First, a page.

Deadline extension to Tax Avoidance papers

By January 24, 2021 No Comments

In my first AWIR for 2021, I mentioned the release for discussion and feedback, of three documents which provide the Commissioners view on the correct interpretation of the general anti-avoidance provisions contained in sections BG 1 and GA 1 of the Income Tax Act 2007, and then some commentary as to those provisions’ application to a number of specific scenarios.

All three documents are in essence an updated version to earlier releases, with the previous conclusions reached unchanged. Out-of-date legislative references have been amended naturally.

The original deadline for comment was 18th February 2021, however this date has now been extended to 31st March 2021.

In case you missed my first edition for the year, the three documents are:

  • PUB00305: Tax avoidance and the interpretation of the general anti-avoidance provisions ss BG 1 and GA 1 of the Income Tax Act 2007 – explains the Commissioner’s view of the law on tax avoidance in New Zealand and when finalised will replace the current interpretation statement IS 13/01, “Tax avoidance and the interpretation of sections BG 1 and GA 1 of the Income Tax Act 2007”.


  • PUB00305 QB 1: Income tax: scenarios on tax avoidance — reissue of QB 14/11 scenario 1 and QB 15/11 scenario 2: This QWBA addresses the scenarios of ‘interest deductions where shareholder loans are replaced’ – a family trust has in essence made interest free and upon demand advances to a wholly owned company over the years, those advances used by the company for the purpose of deriving assessable income, the trust demands repayment of the advances which has the consequence of the company borrowing from a third-party lender and claiming interest deductions in respect of the interest paid on the new debt, while the family trust uses the repaid funds to acquire a holiday home for the use of the trust beneficiaries, and, ‘interest deductions and use of a PIE’ – individual taxpayer on a 33% marginal tax rate borrows funds from a bank to invest in its PIE, PIE income then used by bank to satisfy interest obligations, PIE income taxed at 28% while taxpayer claims the interest deductions against their other income sources which are subject to the 33% tax rate.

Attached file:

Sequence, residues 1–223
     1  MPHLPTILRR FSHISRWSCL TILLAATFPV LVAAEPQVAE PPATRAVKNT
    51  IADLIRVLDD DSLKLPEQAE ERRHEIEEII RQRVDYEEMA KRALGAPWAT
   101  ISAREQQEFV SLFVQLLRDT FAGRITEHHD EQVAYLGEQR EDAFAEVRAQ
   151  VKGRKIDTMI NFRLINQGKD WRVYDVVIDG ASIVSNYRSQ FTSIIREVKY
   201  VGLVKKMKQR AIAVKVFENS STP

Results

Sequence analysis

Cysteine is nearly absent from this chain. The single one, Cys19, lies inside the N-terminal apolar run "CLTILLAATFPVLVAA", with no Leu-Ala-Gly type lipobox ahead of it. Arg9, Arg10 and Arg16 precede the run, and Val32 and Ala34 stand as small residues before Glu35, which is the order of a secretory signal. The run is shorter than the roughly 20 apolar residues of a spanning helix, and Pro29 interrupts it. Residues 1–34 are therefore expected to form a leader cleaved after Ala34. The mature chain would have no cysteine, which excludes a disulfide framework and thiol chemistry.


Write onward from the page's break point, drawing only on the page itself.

• PUB00305 QB 2: Income tax: scenarios on tax avoidance — reissue of QB 15/11 — scenarios 1 and 3: This QWBA addresses the scenarios of ‘use of a limited partnership’ – a scenario where a tax loss company wholly owns a profit company, the tax loss company forms a limited partnership with an unassociated company, and the profit company subsidiary then proceeds to sell its business to the limited partnership, thereby paving the way for the loss company to now receive 50% of the profits to offset its tax losses, and ‘use of a discretionary trust’ – a useful read in my view if you are wanting to allocate beneficiary income to a client’s tax loss company and you are nervous of upsetting the Revenue should they ever review the file.


If you have any questions or would like a second opinion on any national or international tax issues, please contact me richard@gilshep.co.nz

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